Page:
Sunday, August 22, 2010

Psychotronically Yours by Robert Emmett

The KFJC Psychotronix Film Festival returns to Foothill College this Saturday.

When: Saturday, August 28 7:00pm to 11:00pm (come early for best seats)

Where: Room 5015 on the Foothill College Campus

What: 16mm films (the vinyl of visuals), formerly unwanted and unloved, now presented for your entertainment

Cost: $5 Donation for KFJC and $2 for parking on campus

Why: Summer 2010 not-busters like Clash Of The Titans and The Last Airbender have kept us out of the theatres. Sex And The City 2 didn't have enough of either and most 3-D movies have been dull, deadly duds.

Though rumors of the coming of the next Edward D. Wood, Jr. notwithstanding, none of us has been able to adequately assess the relative merits of Birdemic. Where does one turn, at this point between ennui and activity that always marks the period between Summer's end and Fall?

Don't distress or stay depressed! We are squeezing in an extra Psychotronix this year, as we usually only have one in December and another in Spring.

There has been a deluge of new-to-us ancient commercials, forgotten cartoons, bizarre movie trailers and antique music performances. Our overstocked archive is bursting at the seams with new material that demands another show, to show-off some of the coolest odd-ball films you are likely to see.

But it's not just about films - fabulous door prizes will be given away, like Star Trek - The Wrath Of Kahn figurines, "drinking monkey" shot glasses, a Psychoanalyst comic book and delightful DVDs like I Bury The Living, Hercules In New York, Jesse James Vs. Frankenstein's Daughter and many more films that will never make the AFI "Best Of" list.

Foothill remodeled Room 5015, so we have to say "NO Food" at this time. Also, there aren't any vending machines close by. So, come hungry for films and fun, not hungry.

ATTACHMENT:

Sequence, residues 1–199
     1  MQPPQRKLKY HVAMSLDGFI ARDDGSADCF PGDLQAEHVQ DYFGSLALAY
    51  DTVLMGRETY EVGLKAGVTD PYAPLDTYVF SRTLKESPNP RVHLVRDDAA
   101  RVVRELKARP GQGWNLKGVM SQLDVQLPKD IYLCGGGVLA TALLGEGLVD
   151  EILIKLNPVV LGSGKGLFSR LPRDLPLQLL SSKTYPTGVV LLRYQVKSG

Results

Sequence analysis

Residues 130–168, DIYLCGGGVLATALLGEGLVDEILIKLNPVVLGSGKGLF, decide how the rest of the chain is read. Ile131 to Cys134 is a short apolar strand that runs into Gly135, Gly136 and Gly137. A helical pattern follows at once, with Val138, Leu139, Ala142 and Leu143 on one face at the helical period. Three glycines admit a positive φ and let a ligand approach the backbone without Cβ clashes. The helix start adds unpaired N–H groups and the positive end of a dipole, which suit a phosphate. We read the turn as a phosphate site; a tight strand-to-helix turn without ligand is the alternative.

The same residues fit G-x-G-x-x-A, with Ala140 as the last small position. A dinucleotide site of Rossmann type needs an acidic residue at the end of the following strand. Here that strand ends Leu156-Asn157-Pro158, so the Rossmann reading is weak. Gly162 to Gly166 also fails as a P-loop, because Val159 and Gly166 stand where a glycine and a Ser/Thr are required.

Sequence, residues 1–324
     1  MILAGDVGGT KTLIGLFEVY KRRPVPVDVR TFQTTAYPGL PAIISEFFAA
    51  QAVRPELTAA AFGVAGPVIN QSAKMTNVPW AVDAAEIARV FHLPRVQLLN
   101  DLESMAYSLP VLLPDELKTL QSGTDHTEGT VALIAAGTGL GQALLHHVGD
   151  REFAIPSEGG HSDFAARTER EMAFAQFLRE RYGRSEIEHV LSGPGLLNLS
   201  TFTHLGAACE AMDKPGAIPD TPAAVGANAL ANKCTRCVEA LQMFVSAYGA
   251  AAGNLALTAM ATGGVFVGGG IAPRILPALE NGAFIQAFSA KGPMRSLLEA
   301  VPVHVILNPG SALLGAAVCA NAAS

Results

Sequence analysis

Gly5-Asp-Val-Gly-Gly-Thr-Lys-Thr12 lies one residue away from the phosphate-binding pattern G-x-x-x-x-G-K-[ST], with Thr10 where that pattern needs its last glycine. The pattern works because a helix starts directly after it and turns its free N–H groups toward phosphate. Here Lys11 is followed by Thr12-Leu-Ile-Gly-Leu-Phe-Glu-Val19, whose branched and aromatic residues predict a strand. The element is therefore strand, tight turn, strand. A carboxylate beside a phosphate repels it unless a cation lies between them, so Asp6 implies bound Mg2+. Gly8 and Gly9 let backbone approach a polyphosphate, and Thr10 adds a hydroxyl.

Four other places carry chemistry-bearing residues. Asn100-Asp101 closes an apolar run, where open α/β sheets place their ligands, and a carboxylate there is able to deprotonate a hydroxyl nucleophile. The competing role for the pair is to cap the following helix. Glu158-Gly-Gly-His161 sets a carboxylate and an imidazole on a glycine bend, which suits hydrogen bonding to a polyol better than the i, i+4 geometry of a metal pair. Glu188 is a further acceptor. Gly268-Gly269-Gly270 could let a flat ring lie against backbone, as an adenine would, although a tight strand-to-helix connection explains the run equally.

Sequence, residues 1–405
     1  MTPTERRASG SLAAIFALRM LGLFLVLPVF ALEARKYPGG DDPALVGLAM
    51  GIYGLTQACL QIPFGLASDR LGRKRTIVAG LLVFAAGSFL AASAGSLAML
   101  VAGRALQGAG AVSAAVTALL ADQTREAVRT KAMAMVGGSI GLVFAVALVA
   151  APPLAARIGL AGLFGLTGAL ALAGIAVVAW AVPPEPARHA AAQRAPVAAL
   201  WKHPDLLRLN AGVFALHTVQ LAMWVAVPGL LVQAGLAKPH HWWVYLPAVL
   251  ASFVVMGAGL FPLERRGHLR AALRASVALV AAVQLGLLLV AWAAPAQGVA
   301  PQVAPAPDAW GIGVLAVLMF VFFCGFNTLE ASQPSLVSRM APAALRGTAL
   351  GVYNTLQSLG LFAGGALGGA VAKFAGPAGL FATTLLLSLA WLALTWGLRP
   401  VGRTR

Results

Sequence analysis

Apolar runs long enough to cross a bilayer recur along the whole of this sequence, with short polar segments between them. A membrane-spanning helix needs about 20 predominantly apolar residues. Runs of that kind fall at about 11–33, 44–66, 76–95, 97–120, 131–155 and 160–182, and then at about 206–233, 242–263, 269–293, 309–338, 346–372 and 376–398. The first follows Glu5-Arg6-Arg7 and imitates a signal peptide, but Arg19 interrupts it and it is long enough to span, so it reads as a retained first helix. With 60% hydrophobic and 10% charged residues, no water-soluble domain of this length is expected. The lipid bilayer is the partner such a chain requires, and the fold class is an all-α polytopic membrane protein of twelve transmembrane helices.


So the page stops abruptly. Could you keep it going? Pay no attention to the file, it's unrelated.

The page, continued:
The good thing about the remodel is the new chairs in 5015 are wider and comfortable - no more broken springs. Unfortunately, to get wider, we lost a couple of seats overall, so please come early.

Let's finish the Summer of 2010 the right way - Psychotronically (as if that is really a word).

Bring your friends and have a blast!

Be seeing you!

(on Saturday)

Robert Emmett, The Norman Bates Memorial Soundtrack Show,

Friday, August 20, 2010

Burt Bacharach Day

While partial to anything Rat Pack-related, I've never seen this 1971 sendup of westerns, complete with Bacharach theme song.

Dean Martin stars alongside a stellar supporting cast, including Brian Keith, Ben Johnson, Honor Blackman, Albert Salmi - and especially the crappy little dog we see here at 0:08.

Looks like campy fun, and if this features anything other than Dino consuming mixed drinks with showgirls at the Cal-Neva Corral, I'd be very disappointed.

Since Mel Brooks soon ended up featuring a gag in which Count Basie And His Orchestra perform in the middle of the prairie (in Blazing Saddles), it's a good bet that we don't see Burt Bacharach whooping it up on the ivories at the Lone Star Saloon in this film. . . but I could be wrong.

Sunday, August 15, 2010

And This Blog Loves Lillian Roth

Some go for Garbo. Some dig the blonde bombshells - Thelma Todd, Jean Harlow, Joan Blondell and Carole Lombard - or the gal who spoofed the sirens, the hilarious Lyda Roberti. For 1920's fellas, the babe most from Babe-A-Lon was the "It Girl", Clara Bow. . . or, in Paree, Josephine Baker. Some dyed-in-the-wool film buffs give Janet Gaynor and Margaret Sullavan, notable for amazing performances in the classic movies of uber-romantic visionary Frank Borzage, a serious nod in the incandescent department.

If the preference is "rough and tough", Joan Crawford, Barbara Stanwyck and Bette Davis, at least onscreen, provoked men to pretty much make complete asses out of themselves. And both men and women go West over Mae, Lola-Lola over Marlene Dietrich, and - even more so in the 21st century - positively Lulu over Lulu, A.K.A. the radiant Louise Brooks (A.K.A. Brooksie), silent screen actress, dancer, author and provocateur.

Alas, for this blogger, the bomb, lo these eight decades later, remains the fabulous Lillian Roth.

Here she is, in all her glory, in Take A Chance and Story Conference, so beloved here at Way Too Damn Lazy To Write A Blog that it's getting a second run (this time in its entirety).

Wednesday, August 11, 2010

Dear Psychotronic Paul

During a busy morning putting off accomplishing anything on the dreaded to-do list for as long as humanly possible, I perused my e-mails and found a request for relationship advice.